Whether we like it or not, everyone has a checklist (conscious or otherwise) in relation to what they perceive to be important characteristics in a future spouse. I commend Anna on her minimalistic yet forthright approach, but I am convinced that her conclusion of the apparent scarcity of such men (who are also aged between 25-35) is the predetermined end of a self-fulfilling prophecy.
I’ve been told by my wife that as a teacher, she finds that her pupils generally live up to expectation. If she anticipated that the primary school children would be poorly behaved, more often than not this outcome occurred. Likewise, if she expected them to be well behaved, and she acted in a manner which reflects this mindset, the results also often spoke for themselves.
From my past dating experience within similar social Catholic spheres, the same argument in relation to dating expectations can easily be proffered.
It is all a matter of perspective. Perhaps the pool of potential candidates is not as “scarce” as it may appear on the surface. The bottom line is this – a list of deal breakers won’t increase the likelihood of finding a future spouse! Rather than emphasising a list of “ideal qualities”, I challenge Anna to write a list of the single men she has met in various Church and community circles within the last four years.
If the numbered list is equal to or greater than 12 males, then the situation can hardly be described as “bleak”. The humble beginnings of the Christian faith were tasked to the 12 apostles of Christ, (originally) socially awkward men who were far from worldly-wise. I am confident that Anna and her peers could work with a similar number if they were willing.
The most reasonable course of action is to pay more attention, and perhaps give more time and thought, to these prospects. Take motivation from the letter of St Pope John Paul II to Women (1995, Libreria Editrice Vaticana) “For in giving themselves to others each day women fulfil their deepest vocation… They see others in their greatness and limitations; they try to go out to them and help them”.
It is indeed the “feminine genius”, demonstrated by powerful female saints, that inspires men to become pillars of society throughout the ages. This, in turn, enables men to become strong, faithful, generous husbands, just like St Joseph, that our society desperately needs.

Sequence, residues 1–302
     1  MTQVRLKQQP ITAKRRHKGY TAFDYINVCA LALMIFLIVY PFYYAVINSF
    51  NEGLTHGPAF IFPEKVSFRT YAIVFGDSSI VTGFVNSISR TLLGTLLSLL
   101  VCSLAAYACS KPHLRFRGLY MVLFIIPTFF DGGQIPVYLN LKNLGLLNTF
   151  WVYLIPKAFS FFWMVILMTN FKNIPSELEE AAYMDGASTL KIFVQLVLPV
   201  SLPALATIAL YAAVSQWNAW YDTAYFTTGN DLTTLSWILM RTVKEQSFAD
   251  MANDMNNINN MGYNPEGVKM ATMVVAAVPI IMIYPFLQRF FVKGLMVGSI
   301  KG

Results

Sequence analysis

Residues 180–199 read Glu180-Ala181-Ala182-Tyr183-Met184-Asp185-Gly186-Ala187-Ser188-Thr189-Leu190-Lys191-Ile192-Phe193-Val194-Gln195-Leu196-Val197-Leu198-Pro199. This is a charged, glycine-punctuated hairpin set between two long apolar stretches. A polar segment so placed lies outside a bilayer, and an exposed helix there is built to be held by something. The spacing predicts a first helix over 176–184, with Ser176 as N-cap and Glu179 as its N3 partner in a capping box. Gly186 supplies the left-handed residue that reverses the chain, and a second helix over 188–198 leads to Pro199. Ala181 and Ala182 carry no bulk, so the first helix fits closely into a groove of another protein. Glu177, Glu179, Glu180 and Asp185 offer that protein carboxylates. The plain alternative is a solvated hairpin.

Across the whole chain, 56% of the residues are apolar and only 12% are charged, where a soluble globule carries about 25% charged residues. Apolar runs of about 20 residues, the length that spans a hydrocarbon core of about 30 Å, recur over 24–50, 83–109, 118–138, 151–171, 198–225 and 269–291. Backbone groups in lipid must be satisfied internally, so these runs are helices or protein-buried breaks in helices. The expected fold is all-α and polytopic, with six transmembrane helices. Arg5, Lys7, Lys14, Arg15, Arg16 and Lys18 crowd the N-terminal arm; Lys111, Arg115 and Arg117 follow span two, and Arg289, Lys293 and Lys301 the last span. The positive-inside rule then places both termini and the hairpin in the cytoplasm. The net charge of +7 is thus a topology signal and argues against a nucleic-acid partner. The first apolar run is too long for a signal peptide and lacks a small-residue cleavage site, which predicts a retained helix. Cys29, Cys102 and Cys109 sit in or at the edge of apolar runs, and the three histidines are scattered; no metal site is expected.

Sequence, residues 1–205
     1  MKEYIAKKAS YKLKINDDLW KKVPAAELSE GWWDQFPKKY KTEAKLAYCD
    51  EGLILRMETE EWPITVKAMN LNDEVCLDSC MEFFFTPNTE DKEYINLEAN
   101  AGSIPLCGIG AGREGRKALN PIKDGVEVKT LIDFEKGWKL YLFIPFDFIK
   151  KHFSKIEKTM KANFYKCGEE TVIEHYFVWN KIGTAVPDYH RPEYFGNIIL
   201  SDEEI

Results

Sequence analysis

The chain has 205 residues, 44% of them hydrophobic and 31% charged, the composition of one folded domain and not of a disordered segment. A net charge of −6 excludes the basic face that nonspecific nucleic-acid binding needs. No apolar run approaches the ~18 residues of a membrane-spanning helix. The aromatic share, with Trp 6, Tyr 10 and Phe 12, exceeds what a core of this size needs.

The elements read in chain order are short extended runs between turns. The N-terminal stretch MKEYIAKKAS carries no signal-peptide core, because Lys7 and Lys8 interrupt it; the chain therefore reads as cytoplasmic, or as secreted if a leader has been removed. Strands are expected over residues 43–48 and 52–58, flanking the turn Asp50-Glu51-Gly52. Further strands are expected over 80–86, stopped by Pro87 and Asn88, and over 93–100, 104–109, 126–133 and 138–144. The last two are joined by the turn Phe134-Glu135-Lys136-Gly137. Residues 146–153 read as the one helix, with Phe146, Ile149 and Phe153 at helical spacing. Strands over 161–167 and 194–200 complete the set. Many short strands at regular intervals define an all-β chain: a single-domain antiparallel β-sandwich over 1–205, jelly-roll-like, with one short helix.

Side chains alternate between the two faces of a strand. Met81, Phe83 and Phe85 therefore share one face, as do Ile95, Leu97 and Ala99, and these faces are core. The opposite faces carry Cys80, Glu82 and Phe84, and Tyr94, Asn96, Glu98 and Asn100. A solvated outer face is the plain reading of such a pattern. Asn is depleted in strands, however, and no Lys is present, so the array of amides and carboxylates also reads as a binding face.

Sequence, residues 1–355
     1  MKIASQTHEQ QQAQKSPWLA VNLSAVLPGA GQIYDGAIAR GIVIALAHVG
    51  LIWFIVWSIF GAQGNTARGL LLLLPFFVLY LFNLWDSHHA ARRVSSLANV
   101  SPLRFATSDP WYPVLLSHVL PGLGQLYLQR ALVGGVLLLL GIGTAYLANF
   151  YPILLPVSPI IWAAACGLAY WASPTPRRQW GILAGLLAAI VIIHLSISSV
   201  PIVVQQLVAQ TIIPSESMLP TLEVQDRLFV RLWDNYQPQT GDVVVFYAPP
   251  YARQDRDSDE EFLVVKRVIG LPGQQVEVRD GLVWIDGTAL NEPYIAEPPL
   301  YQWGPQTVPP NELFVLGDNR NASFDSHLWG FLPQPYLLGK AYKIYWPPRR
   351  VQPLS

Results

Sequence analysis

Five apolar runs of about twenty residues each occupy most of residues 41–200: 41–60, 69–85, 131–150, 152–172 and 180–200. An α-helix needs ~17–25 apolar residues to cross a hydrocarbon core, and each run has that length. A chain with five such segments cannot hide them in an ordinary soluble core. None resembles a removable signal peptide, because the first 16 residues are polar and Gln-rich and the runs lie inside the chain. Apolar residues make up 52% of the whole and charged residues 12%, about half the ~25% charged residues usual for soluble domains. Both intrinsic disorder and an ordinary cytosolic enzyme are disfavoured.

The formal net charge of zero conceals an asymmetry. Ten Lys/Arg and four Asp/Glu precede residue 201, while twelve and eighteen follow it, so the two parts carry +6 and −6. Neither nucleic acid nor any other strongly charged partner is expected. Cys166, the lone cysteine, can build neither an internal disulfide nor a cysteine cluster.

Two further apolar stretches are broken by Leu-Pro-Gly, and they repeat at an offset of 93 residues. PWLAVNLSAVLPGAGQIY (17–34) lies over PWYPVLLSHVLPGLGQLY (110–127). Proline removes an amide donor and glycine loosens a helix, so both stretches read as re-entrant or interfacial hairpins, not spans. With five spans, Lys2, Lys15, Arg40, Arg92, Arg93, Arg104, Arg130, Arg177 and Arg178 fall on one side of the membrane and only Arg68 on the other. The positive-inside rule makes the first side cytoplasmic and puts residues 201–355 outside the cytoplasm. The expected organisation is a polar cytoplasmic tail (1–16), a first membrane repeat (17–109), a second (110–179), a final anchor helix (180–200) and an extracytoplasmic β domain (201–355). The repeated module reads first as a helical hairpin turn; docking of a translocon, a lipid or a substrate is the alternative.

For those who want still want to debate the existence of a righteous ‘Man Drought’, I’m happy to refer to Bernard Salt’s article Man drought is a man mountain — if women know where to look (The Australian, 10/02/2016). According to the data Salt has analysed, at age 25 the ratio of single women to single men is 5:4. By 35, the numbers are perfectly balanced.
Therefore, another avenue for young ladies to consider is to assist a non-church-going gentleman to convert to Catholicism, while fully maintaining a faithful religious practice. I appreciate that it may require getting out of one’s comfort zone, but you never know who you may find by casting your net out, as referenced in this week’s gospel (John 21:6).
I have a mate who I became friends when working in a rural law firm around 5 years ago. He was a son of a Protestant Minister in his mid 20s and was no longer a regular churchgoer after falling away from practice in his late teens.
I bought him along to a New Year’s party, predominantly attended by other faithful young Catholics. On the night, he met the girl of his dreams and it was love at first sight. His now wife was upfront about her new year’s resolution to pray more, which he admired. Fast forward to now, they are married with beautiful children and they attend Mass as a family.
When I was growing up, my siblings and I were taught that it’s sometimes easier to change your attitude that it is to change things outside of your control! I’ll continue to pray for other young Catholics, that they may be able to find and live their vocation.